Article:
If you are running a small business, a lot of things are beyond your control, including the consumer buying trends and the economy. However, you limit mistakes from ruining your company’s bottom line. Whether clerical errors cost your company money, result in an audit, or take up time, it can be devastating for you. To avoid accounting errors and the resulting headache, consider the tips below:
Keep Your Books Updated
Updating your accounting books can show all business transactions that have occurred. When to update the books depends on the accounting method you use. If you are using cash-basis accounting, it is a great idea to make a journal entry whenever you get money or pay something. But if you are using accrual accounting, ensure you record all transactions every time the business incurs them. This must be done even if you do not get money or make payments.
No matter the accounting method you use, a CPA in Southwest Florida can update your books. Unrecord transactions are called errors of omission. This practice can make you file taxes incorrectly, spend more money than what you have budgeted for, and make false financial statements. Updating your books can help you avoid errors of omission.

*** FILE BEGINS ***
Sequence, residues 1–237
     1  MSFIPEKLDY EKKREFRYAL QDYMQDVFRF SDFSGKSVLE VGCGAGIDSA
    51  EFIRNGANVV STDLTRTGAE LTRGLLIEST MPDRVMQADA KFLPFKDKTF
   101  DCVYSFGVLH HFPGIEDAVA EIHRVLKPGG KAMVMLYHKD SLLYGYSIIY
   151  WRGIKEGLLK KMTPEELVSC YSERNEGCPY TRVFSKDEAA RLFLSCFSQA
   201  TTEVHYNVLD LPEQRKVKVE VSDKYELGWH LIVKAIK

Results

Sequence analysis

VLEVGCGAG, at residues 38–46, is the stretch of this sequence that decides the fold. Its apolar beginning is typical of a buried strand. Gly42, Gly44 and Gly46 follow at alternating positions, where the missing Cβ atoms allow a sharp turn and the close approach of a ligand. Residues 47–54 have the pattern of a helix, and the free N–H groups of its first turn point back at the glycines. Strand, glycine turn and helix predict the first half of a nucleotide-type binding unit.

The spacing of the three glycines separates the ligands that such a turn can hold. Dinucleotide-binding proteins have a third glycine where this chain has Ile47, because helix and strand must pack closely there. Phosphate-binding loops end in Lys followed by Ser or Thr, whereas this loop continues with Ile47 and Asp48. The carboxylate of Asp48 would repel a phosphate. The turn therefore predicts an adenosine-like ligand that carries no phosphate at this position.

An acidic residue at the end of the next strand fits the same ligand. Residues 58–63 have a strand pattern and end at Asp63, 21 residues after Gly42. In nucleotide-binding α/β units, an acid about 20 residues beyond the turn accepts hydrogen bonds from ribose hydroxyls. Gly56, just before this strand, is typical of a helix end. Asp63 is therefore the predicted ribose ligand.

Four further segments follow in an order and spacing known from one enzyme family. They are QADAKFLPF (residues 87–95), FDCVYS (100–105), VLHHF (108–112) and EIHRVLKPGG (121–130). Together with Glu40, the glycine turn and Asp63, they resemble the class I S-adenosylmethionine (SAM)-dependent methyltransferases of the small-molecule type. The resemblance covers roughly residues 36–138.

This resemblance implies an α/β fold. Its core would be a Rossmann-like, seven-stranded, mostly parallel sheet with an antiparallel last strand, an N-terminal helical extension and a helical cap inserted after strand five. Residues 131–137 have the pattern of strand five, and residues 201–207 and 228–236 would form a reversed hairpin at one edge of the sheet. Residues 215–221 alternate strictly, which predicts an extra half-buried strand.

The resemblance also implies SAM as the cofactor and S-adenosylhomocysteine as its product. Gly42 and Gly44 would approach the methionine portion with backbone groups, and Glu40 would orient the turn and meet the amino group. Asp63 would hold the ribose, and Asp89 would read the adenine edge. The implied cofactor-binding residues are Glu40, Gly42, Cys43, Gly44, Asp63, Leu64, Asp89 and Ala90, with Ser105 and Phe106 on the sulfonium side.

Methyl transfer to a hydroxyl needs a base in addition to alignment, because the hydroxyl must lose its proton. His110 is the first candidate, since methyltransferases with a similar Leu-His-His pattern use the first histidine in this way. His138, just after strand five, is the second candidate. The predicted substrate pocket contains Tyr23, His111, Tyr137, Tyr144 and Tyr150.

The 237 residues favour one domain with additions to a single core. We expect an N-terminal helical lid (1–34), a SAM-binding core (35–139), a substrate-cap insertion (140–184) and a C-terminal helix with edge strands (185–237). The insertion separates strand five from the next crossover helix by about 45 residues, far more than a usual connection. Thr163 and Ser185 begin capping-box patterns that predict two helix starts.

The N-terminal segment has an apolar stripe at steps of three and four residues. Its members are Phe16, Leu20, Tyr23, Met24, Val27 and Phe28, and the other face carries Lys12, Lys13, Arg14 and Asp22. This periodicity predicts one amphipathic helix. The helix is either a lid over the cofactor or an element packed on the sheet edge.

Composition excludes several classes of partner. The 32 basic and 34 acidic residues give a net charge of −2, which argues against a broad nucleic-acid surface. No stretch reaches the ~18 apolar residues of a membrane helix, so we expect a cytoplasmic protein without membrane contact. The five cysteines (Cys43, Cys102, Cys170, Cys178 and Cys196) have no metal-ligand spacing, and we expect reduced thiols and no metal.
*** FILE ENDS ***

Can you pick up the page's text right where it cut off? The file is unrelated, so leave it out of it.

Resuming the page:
Save All Documents
Documents such as bank statements and receipts must be kept because they can serve as proof for figures in the books. Also, they are important when your company gets audited by the IRS. These documents are essential to reconcile your books. Try to keep records of at least 3 years to keep your business protected.
Check Your Records
Accounting mistakes can occur. But you can catch small errors when you reconcile your accounts. This means comparing the book numbers to an independent record like a bank statement. Once your accounts are reconciled, you may be able to discover errors in the accounting books. You can add or remove money by creating a journal entry.
Do Not Mix Personal and Business Funds
Combing business and personal funds can result in accounting confusion and cause you to file taxes incorrectly. By creating a separate account for your business, you will know the amount of money your business currently has, reducing overspending. Also, you can avoid being tempted to use business funds for personal purposes.
Creating budgets allows you to know whether you are spending more than you have to. You can plan for your expenses and make smart buying decisions. Also, you can protect your incoming revenue, which allows you to determine if you are reaching your business goals.